The metropolis became a catchment for mist which, when mingled with the smoke from domestic chimneys and multiplying industries, coalesced into something specifically London. Hence the various names that emerged in celebration, ironic or otherwise, of this localised weather, as if the cynosure of the world deserved an equally impressive climate of its own – from the “London particular” (a telling phrase, as “particular” also meant “mistress”) to “London ivy”, because its smut clung to everything, including the copybooks of City clerks who were fined if they didn’t close their ledgers against the deposits of the daytime fog.

Even before the 19th century, the burning of “sea coal” had been blamed for the fog – as if the sea had conspired with the clouds to create an oceanic obscurity. The diarist John Evelyn fretted about the effects of this on the population’s mental as well as its physical health. But by the 1820s, the burgeoning Industrial Revolution had made these “weather events”, as our modern media would call them, frighteningly frequent. “Londoners were being buried underneath the fog” as if entombed under a dome. The very colour of the fog seemed sickly, a sulphurous yellow, thick with particles. One observer declared, “It hurts your eyes, and takes your breath away.” Indeed, later in the century, enterprising businessmen would market fog spectacles to protect the eyes. An even more forward-thinking American devised a way of delivering personal puffs of clean air to relieve fog-bound citizens.

By 1849, the fog was a tangible phenomenon for visitors such as Herman Melville, who, as Corton notes, was the first person to record the phrase “pea soup” in relation to the London fog during his stay in the city that year. It was this vivid image that would stick, like thick soup to the sides of a bowl. And for one writer, above all, the fog would become an instrument of his work. For Charles Dickens, it was almost another character, in the way that the moor is in Wuthering Heights.

Corton delights in the details furnished by Bleak House, Our Mutual Friend and “A Christmas Carol”. Nothing sets the scene so well as the evocative opening description in this last. It is three o’clock in the afternoon in the city, but “. . . it had not been light all day—and candles were flaring in the windows of the neighbouring offices, like ruddy smears upon the palpable brown air. The fog came pouring in at every chink and keyhole, and was so dense without, that although the court was of the narrowest, the houses opposite were mere phantoms.”

For Dickens, as for Ruskin, the fog is a judgement on the venal city. “To see the dingy cloud come drooping down, obscuring everything, one might have thought that Nature lived hard by, and was brewing on a large scale.”

The notion that human activity had adversely affected nature was unacceptable to free-marketeers such as John Bright and Thomas Huxley, both of whom, for various reasons, could not countenance the notion of restrictions placed on economic growth. Although a nascent clean air act was passed in 1853 to limit omissions, the fog grew at unstoppable speed with the imperial city, for all the Times’s protests against the industrialists’ “vested interest in compelling us to consume their smoke”. Fast-forward to the 21st century, and I wonder what a modern Dickens would make of the sly invisibility of diesel particulates, poisoning London’s air anew. I can almost hear him sighing.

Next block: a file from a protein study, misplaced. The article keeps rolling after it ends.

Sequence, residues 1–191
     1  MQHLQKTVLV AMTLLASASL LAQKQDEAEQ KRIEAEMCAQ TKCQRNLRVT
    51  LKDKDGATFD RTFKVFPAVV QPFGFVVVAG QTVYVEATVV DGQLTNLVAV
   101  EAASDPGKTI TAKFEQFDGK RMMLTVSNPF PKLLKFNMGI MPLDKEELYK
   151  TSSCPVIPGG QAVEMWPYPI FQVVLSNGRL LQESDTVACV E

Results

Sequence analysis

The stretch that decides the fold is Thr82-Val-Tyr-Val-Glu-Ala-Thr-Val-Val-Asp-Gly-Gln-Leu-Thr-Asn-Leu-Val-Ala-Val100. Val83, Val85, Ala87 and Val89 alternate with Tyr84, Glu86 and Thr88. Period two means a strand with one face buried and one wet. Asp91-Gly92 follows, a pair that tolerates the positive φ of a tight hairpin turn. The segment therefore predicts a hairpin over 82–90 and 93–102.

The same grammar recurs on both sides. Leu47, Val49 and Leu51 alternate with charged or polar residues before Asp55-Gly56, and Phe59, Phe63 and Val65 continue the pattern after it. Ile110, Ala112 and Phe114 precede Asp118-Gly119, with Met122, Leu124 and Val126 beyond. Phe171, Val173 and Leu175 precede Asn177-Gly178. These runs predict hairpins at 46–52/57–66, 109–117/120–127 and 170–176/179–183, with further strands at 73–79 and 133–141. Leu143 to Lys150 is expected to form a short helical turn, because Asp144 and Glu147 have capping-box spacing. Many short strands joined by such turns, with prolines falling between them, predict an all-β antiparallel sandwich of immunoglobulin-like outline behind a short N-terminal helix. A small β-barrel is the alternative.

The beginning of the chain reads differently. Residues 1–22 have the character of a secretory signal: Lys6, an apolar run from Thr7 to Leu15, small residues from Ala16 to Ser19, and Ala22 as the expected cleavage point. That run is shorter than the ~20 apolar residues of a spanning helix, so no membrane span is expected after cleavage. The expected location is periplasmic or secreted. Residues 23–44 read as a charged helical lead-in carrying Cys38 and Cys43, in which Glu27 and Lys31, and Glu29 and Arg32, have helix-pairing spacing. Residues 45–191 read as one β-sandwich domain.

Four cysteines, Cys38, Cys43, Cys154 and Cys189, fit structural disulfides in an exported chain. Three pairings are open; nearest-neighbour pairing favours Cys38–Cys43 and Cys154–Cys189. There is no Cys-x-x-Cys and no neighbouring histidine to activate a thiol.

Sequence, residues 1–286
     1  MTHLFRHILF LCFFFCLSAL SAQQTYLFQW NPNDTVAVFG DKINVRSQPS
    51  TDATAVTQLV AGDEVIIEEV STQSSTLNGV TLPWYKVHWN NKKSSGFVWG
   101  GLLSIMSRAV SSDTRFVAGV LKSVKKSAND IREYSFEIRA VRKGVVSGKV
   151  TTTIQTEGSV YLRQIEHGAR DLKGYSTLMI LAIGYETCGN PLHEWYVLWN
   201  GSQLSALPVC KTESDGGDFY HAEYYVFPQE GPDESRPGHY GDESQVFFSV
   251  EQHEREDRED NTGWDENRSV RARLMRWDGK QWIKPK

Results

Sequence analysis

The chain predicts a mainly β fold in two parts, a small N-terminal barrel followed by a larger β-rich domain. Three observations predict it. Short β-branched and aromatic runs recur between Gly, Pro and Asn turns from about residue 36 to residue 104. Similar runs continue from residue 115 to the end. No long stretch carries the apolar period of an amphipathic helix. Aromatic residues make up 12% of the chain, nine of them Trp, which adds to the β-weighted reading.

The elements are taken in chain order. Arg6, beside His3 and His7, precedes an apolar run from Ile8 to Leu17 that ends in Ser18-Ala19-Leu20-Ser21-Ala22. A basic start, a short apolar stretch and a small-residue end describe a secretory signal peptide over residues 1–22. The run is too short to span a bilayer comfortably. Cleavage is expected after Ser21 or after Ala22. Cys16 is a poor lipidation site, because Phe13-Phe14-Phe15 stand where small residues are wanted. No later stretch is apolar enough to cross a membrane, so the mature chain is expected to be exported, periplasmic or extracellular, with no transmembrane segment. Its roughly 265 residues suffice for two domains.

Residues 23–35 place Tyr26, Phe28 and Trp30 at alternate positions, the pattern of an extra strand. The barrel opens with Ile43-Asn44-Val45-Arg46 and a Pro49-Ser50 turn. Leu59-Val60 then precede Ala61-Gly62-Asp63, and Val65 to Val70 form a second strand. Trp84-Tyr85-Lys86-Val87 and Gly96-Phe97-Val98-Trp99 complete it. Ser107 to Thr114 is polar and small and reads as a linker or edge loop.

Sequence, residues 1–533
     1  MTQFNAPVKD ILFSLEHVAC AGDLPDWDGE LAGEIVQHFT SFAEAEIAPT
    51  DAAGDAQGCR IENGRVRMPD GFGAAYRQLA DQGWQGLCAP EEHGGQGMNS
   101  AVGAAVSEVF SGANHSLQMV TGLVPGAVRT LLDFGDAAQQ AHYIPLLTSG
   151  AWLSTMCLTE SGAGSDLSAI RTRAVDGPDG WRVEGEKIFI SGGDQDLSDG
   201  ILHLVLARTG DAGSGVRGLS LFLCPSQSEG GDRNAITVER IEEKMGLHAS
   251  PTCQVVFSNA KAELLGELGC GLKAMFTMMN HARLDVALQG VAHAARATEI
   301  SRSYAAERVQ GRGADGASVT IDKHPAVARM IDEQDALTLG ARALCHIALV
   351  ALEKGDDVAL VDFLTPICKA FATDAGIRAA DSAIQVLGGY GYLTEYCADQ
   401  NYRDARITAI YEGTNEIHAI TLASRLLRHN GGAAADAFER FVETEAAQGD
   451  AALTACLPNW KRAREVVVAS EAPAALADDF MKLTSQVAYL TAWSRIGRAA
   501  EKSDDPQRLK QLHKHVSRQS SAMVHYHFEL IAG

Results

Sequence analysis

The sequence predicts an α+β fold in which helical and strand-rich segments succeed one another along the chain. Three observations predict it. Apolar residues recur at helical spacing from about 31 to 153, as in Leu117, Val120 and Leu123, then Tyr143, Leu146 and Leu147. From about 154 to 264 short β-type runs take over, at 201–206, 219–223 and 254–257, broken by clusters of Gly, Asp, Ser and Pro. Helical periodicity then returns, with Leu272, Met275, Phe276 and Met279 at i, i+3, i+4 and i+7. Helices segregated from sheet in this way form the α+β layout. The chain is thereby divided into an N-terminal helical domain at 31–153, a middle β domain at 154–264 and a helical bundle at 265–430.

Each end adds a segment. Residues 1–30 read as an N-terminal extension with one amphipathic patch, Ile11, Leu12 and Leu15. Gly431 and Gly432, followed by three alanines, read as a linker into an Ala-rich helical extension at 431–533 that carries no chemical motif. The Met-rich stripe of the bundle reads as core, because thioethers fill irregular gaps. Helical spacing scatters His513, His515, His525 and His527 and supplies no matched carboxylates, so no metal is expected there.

We may have said goodbye to the old-style London fog – last seen on the streets in 1962 – but it is impossible for us now to regard the weather as a literary backdrop. A decade and a half later, in 1979, as Harris notes in Weatherland, the Met Office warned for the first time of the “significant effects” of increased carbon dioxide in the air. All that weather, all that observation, art and literature, comes down to this: the reality of human-induced climate change. The drama is now in our hands, and yet we feel more helpless than ever. It is telling that there are few contemporary artists and writers dealing with the subject. Perhaps it is simply too big, and too scary, like the sky itself.

Philip Hoare’s books include The Sea Inside (Fourth Estate)

Alexandra Harris will be in conversation with Robert Macfarlane at the Cambridge Literary Festival on 29 November

Weatherland: Writers Artists Under English Skies by Alexandra Harris is published by Thames & Hudson (£24.95, 432pp)

London Fog: The Biography by Christine L Corton is published by Harvard University Press (£22.95, 391pp)

Philip Hoare’s books include Wilde’s Last Stand, England’s Lost Eden, and Spike IslandLeviathan or, The Whale won the Samuel Johnson Prize for 2009, and The Sea Inside was published in 2013. He is professor of creative writing at the University of Southampton, and co-curator of the Moby-Dick Big Read. His website is www.philiphoare.co.uk, and he is on Twitter @philipwhale.

This article appears in the 12 November 2015 issue of the New Statesman, Isis and the threat to Britain